• only give your credit card information to a company you trust
  • request further information from someone who calls asking for credit card information

Make sure a company is legitimate before giving it your information. If you’re not sure, hang up and contact the Better Business Bureau.

Find your Better Business Bureau.

Additional tips to protect yourself

To better protect yourself from credit card fraud, you may also:

  • make a list of your credit cards with the phone numbers to call in case of theft or loss
  • never lend your credit card
  • keep any convenience cheques given to you by your credit card issuer in a safe place
  • report a lost or stolen card to your credit card issuer immediately
  • review your credit card statement monthly
  • report any transactions you didn’t make or approve to your credit card issuer immediately
  • check your credit report at least once a year and immediately report any errors

If you're a victim of credit card fraud

If you think you’re a victim of credit card fraud, contact your financial institution immediately.

You may then proceed as follows:

  1. write down what happened and how you first noticed the fraud
  2. contact your credit card issuer to tell them about the fraud
  3. take note of whom you talked to and when you spoke to them
  4. keep all documents that you think might be helpful if the police investigate the fraud
  5. contact your local police service to file a complaint
  6. if you believe a company (for example, your telephone company) has been hacked, contact it

Put a fraud alert

You may also contact Canada’s 2 main credit bureaus; Equifax and TransUnion. Ask them to place a fraud alert on your credit report. Ask for a copy of your credit report from each credit bureau. Review them and report any incorrect information.

Learn how to get your credit report.

Report the fraud to the Canadian Anti-Fraud Centre

The Canadian Anti-fraud Centre is jointly managed by the Royal Canadian Mounted Police, the Ontario Provincial Police and the Competition Bureau Canada. It's Canada's central repository for information about fraud.

Contact the Canadian Anti-Fraud Centre.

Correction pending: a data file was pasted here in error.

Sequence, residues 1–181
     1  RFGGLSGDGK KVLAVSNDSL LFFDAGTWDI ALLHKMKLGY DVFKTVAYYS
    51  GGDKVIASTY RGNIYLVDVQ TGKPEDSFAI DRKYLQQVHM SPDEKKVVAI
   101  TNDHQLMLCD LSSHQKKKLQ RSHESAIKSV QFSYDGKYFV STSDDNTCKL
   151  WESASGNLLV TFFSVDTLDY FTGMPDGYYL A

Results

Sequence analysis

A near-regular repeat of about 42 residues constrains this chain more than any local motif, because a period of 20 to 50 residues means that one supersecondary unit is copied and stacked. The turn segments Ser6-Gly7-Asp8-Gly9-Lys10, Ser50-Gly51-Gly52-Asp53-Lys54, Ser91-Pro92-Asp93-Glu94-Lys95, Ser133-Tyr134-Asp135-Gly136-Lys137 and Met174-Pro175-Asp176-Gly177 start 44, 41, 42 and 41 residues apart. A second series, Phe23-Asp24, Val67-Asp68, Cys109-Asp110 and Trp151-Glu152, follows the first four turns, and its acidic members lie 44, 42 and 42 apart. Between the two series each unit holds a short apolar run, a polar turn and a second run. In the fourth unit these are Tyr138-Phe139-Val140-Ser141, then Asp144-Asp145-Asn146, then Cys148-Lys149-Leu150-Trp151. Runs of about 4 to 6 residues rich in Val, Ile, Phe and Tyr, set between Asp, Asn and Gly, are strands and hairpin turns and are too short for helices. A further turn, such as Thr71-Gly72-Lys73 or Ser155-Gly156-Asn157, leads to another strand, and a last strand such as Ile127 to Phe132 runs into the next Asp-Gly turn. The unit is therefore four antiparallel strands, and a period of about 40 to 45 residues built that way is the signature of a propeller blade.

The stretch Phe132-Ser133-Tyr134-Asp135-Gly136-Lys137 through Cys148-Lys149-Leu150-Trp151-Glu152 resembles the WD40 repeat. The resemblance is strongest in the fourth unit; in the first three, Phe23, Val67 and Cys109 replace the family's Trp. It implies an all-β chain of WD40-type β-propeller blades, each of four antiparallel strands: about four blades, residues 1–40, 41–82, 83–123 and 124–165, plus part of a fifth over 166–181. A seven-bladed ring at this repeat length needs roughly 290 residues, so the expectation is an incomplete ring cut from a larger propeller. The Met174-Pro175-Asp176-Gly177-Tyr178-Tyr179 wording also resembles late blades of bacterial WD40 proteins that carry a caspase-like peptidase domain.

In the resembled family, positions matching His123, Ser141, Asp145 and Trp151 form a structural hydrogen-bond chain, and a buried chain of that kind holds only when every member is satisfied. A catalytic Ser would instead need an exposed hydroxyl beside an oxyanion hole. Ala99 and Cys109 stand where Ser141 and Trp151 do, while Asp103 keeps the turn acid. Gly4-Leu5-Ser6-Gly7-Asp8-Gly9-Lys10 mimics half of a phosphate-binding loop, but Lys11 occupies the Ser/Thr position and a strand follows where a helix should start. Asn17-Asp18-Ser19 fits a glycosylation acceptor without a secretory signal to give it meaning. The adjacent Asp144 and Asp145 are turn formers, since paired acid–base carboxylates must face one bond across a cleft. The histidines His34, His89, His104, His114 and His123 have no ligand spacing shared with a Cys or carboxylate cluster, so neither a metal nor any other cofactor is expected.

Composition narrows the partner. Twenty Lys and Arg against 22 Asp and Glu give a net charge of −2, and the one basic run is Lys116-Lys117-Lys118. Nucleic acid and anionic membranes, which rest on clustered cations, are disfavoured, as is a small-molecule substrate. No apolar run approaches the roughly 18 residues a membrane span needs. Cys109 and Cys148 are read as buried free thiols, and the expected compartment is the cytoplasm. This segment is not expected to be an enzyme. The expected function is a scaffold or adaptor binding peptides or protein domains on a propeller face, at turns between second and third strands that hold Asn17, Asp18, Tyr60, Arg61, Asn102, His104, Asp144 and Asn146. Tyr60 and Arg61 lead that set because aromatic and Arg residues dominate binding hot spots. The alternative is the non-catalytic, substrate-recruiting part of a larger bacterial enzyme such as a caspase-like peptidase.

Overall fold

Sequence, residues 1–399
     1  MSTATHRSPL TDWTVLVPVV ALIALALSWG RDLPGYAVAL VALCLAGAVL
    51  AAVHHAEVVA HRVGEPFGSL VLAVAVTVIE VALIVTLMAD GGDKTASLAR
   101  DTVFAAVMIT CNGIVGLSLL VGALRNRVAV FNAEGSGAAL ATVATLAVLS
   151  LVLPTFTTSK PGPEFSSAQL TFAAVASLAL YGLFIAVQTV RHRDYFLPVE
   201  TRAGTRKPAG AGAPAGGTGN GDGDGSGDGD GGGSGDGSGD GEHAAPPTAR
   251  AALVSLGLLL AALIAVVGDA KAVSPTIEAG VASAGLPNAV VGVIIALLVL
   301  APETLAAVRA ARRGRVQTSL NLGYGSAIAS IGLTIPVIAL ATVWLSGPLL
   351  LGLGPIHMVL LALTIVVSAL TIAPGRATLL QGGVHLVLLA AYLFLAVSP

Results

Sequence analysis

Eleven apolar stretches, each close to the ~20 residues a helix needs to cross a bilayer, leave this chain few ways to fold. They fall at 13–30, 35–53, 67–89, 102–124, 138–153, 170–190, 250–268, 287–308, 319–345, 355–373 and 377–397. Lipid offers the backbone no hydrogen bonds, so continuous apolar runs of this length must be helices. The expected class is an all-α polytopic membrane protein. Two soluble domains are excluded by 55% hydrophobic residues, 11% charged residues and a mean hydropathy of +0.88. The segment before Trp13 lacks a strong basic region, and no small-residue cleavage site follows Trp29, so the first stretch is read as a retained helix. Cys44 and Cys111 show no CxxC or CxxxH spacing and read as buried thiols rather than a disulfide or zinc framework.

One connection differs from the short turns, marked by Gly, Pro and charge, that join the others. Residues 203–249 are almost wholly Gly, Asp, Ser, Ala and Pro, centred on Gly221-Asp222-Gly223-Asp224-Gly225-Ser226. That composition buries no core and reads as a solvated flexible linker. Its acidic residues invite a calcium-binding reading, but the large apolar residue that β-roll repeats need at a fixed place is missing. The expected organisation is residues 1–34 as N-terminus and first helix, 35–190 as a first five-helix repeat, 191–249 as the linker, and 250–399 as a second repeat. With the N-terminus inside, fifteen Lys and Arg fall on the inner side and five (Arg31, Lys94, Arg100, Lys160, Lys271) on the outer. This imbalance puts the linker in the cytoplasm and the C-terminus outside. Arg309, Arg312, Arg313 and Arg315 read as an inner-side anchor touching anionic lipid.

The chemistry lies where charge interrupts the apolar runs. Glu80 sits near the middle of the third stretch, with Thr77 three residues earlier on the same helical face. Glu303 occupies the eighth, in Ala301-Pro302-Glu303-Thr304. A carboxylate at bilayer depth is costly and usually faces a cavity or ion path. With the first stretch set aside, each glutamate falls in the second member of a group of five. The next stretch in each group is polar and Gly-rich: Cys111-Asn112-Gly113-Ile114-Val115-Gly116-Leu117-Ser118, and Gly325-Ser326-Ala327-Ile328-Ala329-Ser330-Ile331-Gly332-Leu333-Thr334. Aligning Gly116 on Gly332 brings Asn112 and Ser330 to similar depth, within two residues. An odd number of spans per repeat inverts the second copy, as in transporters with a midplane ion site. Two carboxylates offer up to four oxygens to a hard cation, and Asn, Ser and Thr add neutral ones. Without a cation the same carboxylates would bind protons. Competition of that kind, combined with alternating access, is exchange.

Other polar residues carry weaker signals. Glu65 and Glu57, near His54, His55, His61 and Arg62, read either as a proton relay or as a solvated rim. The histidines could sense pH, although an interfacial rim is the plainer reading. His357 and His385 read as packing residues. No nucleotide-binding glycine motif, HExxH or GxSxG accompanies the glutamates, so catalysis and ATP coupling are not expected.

Related links

  • Resolving an unauthorized transaction
  • Unauthorized credit and debit transactions: know your rights and responsibilities
  • Getting your credit report and credit score
Credit card fraud - (2024)


How do I report credit card fraud in Canada? ›

contact your credit card issuer to tell them about the fraud. take note of whom you talked to and when you spoke to them. keep all documents that you think might be helpful if the police investigate the fraud. contact your local police service to file a complaint.

What is the punishment for credit card fraud in Canada? ›

342(1) [theft, forgery, etc., of credit card] and (3) [unauthorized use of credit card data] are hybrid. If prosecuted by indictment, the maximum penalty is 10 years incarceration. If prosecuted by summary conviction, the maximum penalty is 2 years less a day jail and/or a $5,000 fine (from Sept 19, 2019).

Do police investigate credit card theft in Canada? ›

Credit and Debit Card Fraud

If the bank reviews your complaints and takes responsibility for the loss, they will report it to police, there is no need for you to report it. If the bank determines that you are responsible for the loss, you must get a letter in writing from them and then report it to police.

Who handles fraud cases in Canada? ›

In order for law enforcement to combat fraud and cybercrime, it is essential that those who experience, or fall victim, report it to local police and the CAFC. Local police are positioned to investigate the incident and the CAFC supports law enforcement by sharing information collected through the reports.

How do I report international fraud in Canada? ›

Canadian anti-fraud sites
  1. Royal Canadian Mounted Police
  2. Canadian Anti-Fraud Centre
  3. Reporting Economic Crime On-Line
  4. Office of the Superintendent of Financial Institutions

Is credit card fraud a felony in Canada? ›

According to section 342(1) of the Criminal Code of Canada, “every one who steals a credit card, forges or falsifies a credit card, uses or traffics in a credit card or a forged or falsified credit card, or uses a revoked or cancelled credit card is guilty of an indictable offence and is liable to imprisonment or ...